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17

autofs can do this for you. You can configure any number of mountpoints with various options, and the corresponding filesystems are mounted whenever the mountpoint is accessed. After a given amount of inactivity the filesystems are unmounted again. There are no doubt various ways of using autofs, but here's one way of doing what you're trying to do, based ...


16

In cups v. 2.0.0 the service name has been changed (see also the install file here). You'll have to disable the old service: systemctl disable cups.service before enabling and starting the new one: systemctl enable org.cups.cupsd.service systemctl daemon-reload systemctl start org.cups.cupsd.service


13

The self maintenance method is to vacuum the logs by size or time. Retain only the past two days: journalctl --vacuum-time=2d Retain only the past 500 MB: journalctl --vacuum-size=500M man journalctl for more information.


9

You can do this with systemd, so you don't have to install extra software and just have a small amount of extra configuration. Simply add noauto,x-systemd.automount to the options in fstab. noauto to not mount automatically on boot and x-systemd.automount to let systemd mount it on access. Source: ArchWiki - fstab


7

The browser files on disc just get replaced. The running program (if not completely in memory) keeps the old executable files open until the program closes (but until then those are no longer the executables files you get via the directory entries). On the next restart of the browser you get the version. No reboot necessary except for the program that gets ...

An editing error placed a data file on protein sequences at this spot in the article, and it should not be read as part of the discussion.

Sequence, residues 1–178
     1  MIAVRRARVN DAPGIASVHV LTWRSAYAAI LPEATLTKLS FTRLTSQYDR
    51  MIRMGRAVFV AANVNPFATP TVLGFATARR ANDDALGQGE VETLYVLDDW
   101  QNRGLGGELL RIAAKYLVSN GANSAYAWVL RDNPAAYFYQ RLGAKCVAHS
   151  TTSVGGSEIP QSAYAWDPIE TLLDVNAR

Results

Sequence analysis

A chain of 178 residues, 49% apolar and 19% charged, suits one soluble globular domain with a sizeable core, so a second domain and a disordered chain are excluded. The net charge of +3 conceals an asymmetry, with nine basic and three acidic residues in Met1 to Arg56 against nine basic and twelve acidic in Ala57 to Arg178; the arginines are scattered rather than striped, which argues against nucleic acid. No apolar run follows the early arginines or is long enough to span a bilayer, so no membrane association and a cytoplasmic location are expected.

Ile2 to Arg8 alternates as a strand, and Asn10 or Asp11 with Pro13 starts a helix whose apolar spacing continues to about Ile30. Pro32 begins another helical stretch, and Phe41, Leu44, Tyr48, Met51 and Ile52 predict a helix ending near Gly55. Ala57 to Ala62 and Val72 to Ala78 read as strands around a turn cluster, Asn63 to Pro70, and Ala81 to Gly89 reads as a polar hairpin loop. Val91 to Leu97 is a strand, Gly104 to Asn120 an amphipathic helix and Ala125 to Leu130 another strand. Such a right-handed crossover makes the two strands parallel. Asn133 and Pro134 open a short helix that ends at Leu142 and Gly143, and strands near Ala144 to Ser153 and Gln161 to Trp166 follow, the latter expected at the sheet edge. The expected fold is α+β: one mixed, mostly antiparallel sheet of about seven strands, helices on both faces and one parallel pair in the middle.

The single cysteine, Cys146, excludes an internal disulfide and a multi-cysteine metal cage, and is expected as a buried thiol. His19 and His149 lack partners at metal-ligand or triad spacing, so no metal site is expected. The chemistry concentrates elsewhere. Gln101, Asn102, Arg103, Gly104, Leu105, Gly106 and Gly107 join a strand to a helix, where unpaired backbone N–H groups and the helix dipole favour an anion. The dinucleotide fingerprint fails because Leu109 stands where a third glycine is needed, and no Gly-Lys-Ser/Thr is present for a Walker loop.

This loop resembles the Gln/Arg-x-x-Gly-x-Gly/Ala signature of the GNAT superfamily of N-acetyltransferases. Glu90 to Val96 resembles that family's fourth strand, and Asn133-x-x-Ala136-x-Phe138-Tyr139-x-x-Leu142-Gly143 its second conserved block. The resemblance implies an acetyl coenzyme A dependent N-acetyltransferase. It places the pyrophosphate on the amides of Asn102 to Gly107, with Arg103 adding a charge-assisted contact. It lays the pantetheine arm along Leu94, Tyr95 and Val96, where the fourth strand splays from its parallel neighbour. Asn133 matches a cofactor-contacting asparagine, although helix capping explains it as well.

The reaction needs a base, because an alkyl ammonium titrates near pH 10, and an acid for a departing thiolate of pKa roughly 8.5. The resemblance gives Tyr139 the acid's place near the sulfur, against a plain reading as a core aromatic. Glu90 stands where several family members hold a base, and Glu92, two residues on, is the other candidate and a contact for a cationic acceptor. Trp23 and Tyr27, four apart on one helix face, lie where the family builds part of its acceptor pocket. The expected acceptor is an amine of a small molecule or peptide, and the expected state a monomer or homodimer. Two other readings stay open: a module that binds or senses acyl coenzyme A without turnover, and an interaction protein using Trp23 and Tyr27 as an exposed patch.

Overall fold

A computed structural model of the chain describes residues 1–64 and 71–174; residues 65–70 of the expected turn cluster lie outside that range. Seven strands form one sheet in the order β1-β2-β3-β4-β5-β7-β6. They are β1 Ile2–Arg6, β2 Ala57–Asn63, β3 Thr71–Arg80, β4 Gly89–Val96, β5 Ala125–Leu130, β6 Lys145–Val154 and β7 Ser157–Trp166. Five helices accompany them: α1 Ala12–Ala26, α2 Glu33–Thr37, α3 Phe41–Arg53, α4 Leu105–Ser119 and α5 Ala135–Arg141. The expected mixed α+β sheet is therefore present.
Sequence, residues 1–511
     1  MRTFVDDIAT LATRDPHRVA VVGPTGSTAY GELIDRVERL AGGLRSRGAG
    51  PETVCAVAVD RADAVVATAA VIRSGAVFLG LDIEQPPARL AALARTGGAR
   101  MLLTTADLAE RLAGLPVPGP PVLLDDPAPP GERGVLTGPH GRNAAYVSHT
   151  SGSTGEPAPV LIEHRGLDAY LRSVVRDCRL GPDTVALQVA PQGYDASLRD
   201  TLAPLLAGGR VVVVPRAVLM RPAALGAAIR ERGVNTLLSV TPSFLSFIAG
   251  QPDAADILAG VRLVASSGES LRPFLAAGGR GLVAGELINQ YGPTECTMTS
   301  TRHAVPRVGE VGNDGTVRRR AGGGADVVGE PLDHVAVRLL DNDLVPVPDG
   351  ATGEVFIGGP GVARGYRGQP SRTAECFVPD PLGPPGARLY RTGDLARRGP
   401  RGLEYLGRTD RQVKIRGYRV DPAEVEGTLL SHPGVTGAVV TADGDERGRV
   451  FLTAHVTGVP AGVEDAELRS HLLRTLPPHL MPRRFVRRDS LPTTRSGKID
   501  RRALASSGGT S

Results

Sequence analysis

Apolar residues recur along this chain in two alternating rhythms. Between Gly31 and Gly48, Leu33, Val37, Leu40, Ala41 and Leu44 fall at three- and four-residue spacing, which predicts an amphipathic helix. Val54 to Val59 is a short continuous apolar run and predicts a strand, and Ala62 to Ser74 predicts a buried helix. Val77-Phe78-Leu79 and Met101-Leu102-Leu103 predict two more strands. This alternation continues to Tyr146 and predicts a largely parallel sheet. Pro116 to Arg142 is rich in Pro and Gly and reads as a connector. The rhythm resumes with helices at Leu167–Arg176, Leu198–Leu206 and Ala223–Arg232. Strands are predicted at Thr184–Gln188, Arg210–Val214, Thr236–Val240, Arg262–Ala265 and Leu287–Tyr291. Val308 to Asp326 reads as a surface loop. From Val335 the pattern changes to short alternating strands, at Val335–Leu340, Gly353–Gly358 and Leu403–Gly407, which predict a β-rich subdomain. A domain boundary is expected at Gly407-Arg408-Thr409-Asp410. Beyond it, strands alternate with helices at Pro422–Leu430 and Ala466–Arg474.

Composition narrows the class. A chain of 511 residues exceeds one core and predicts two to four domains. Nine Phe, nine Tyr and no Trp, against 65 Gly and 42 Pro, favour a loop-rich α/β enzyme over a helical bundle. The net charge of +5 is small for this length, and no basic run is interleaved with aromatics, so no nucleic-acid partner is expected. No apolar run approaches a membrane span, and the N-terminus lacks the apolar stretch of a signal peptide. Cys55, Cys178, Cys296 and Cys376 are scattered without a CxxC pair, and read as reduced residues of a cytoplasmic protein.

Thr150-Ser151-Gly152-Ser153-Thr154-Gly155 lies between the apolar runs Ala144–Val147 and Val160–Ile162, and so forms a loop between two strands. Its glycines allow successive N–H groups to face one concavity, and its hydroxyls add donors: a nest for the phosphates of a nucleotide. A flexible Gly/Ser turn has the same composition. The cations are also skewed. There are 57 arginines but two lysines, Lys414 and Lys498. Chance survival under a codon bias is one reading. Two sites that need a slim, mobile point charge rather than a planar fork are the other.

7

From the btrfs gotchas page: Files with a lot of random writes can become heavily fragmented (10000+ extents) causing trashing on HDDs and excessive multi-second spikes of CPU load on systems with an SSD or large amount a RAM. On servers and workstations this affects databases and virtual machine images. The nodatacow mount option may be ...


6

As you suspected, Unix-like systems prevent most files being executed from being overwritten. Here's what the standard says about the open system call: The open() function may fail if: [ETXTBSY] The file is a pure procedure (shared text) file that is being executed and oflag is O_WRONLY or O_RDWR. But a file being executed can still be unlinked, ...


5

On Arch linux, the closest I got was: Edit /etc/systemd/journald.conf to set SystemMaxUse=1M Restarting journal: sudo systemctl restart systemd-journald Resetting SystemMaxUse=200M Re-Restarting the journal On my system, each journal file is 8MB, and the above cleared all but 3, bringing the total size to ~25MB. My use-case was disabling CoW for BTRFS ...


5

The rule syntax above may work on some distributions, but did not work on mine (Raspbian). Since I never found a single document that explains all the ins and outs, I wrote my own, to be found here. This is what it boils down to. 1. find out what's on ttyUSB: dmesg | grep ttyUSB 2. list all attributes of the device: udevadm info --name=/dev/ttyUSBx ...


5

Edit /etc/security/limits.conf and add the following lines mysql soft nofile 65535 mysql hard nofile 65535 then reboot. Then edit /usr/lib/systemd/system/mysqld.service or /usr/lib/systemd/system/mariadb.service and add LimitNOFILE=infinity LimitMEMLOCK=infinity Then restart the db service: systemctl reload mariadb.service


5